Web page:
Investing in public space and amenities. Quality of life depends on the quality of public spaces: streets, parks, plazas and other social spaces. Streets provide the necessary connectivity between new and existing neighbourhoods and public amenities while also providing a network of public space where a diversity of public life can unfold. Public life thrives when public spaces are abundant and inviting. To this end, the streetscape design emphasizes “stickiness” – a design concept that invites people to stop and stay. This will be achieved by offering a variety of seating types; softening the road networks with landscaping; providing overall placemaking and a sense of character; adding dedicated spaces and integrated utilities to accommodate pop-up and semi-permanent kiosks, markets, vendors, and art installations; improving the tree canopy; and widening pedestrian pathways as well as adding protected bicycle paths.

Ensuring safe and inclusive streets for everyone. Safety, accessibility, and wayfinding were key elements of the project from the earliest conceptual stages. The completed project will offer safe, accessible, convenient, and resilient transportation options for people of all ages and abilities, emergency vehicles and goods movement. Wide sidewalks, protected bike lanes, signalized crossings, pedestrian-scale lighting, ample seating, and covered bus waiting areas will provide a safe and comfortable experience for people moving through the area. The innovative resilient roadway concept applied to the design of Pacific Boulevard will provide post-disaster serviceability between a new hospital campus and downtown, achieved by designing the roadway to withstand severe earthquakes.

Sustainability as a core value. Sustainability and resiliency were foundational lenses through which project decisions were made throughout planning and design. Careful alignment of the project goals with existing City policies regarding climate mitigation and action, including the Greenest City Action Plan and the Climate Emergency Action Plan, aided in ensuring the project team remained focused and united on achieving sustainable outcomes. This commitment was further underscored by the project’s sustainability charter, which was signed by key members of the project team. Some of the key focus areas for sustainable solutions include:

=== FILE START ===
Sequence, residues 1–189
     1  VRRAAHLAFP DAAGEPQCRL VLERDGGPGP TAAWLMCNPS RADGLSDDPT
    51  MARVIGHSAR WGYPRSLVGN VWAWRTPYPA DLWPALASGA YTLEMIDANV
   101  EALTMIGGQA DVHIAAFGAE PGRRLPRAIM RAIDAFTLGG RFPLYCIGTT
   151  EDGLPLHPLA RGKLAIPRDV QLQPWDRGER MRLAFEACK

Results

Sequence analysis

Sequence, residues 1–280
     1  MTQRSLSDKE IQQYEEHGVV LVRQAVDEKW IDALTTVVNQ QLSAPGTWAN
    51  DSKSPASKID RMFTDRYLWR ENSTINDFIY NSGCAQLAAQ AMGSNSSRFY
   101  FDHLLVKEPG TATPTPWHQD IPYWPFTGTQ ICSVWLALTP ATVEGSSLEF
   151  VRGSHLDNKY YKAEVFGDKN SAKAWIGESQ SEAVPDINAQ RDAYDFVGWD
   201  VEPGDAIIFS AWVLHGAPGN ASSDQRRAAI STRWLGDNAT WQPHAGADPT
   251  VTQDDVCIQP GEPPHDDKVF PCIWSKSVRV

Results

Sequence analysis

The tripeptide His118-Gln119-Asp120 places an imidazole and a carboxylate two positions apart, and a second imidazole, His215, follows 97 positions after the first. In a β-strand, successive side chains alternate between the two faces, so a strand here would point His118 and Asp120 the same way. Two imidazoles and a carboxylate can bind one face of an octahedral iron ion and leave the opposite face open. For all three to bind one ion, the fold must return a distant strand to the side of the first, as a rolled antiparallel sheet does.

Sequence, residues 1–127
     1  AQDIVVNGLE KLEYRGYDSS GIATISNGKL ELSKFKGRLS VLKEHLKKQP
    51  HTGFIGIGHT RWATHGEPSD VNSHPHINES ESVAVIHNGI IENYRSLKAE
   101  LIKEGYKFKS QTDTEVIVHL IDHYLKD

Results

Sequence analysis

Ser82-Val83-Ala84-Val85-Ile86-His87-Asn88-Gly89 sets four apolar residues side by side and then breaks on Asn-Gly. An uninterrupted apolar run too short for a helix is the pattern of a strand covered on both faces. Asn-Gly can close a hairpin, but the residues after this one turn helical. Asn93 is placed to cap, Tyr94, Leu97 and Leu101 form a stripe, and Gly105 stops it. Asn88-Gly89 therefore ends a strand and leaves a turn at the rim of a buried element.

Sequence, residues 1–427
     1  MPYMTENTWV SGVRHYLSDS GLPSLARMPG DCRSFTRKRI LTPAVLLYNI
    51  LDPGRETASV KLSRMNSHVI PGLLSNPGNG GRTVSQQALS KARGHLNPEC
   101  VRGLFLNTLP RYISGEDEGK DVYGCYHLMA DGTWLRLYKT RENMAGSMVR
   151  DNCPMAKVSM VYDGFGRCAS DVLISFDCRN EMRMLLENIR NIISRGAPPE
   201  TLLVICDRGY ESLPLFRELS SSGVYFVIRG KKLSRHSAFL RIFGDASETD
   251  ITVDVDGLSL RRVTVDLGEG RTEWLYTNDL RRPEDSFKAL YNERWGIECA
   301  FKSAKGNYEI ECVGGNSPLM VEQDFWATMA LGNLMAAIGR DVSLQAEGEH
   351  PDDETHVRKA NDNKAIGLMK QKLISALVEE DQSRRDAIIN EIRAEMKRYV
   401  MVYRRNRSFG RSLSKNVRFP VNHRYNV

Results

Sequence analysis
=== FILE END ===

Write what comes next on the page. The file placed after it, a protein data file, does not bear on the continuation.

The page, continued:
– Green transportation. Improving multi-modal transportation opportunities throughout the area and setting the standard for new development by providing greater access to electric vehicle charging and car share facilities, as well as transit, pedestrian, and cycling opportunities.

– Economic Opportunities. Servicing at least 1.8 million square feet of job space in the project area to support long-term economic growth objectives and diverse employment opportunities from low threshold/entry-level jobs to employment in the high tech and creative economies.

– Access to Nature. Connecting communities to the waterfront through removing the viaduct structural barriers, and including new public open spaces in the design.

– Climate Leadership. Implementing strategies to address risks and vulnerabilities identified in the City’s Climate Change Adaptation Strategy, such as implementing measures to address sea level rise, incorporating green infrastructure, and building a resilient roadway corridor.


“The City of Vancouver prides itself on its long-standing commitment to sustainability and climate action and that commitment manifests itself in all our projects, regardless of scale. The Envision Framework and third party verification process gave us the opportunity to highlight existing City policies that hold our projects to high standards of sustainability and pushed our team to think critically about how to go further, to innovate, and to leverage the opportunities afforded us by the Northeast False Creek Project’s scale to make bold moves towards our vision for a sustainable, resilient Vancouver.”

Megan Pate, Design Lead — Northeast False Creek Project, City of Vancouver

“Everyone who worked on the Northeast False Creek Project deserves recognition for their commitment to delivering a project that is sustainable, resilient, and equitable. Earning Envision® Platinum is no easy feat; it takes extraordinary effort to apply the key sustainability considerations needed. To do so, the project team must put resiliency, sustainability, equity — and the community’s needs —first. But, the city of Vancouver is dedicated to doing just that, including putting climate action and community progress front and center. Way to go team!”

Melissa Peneycad, ISI’s managing director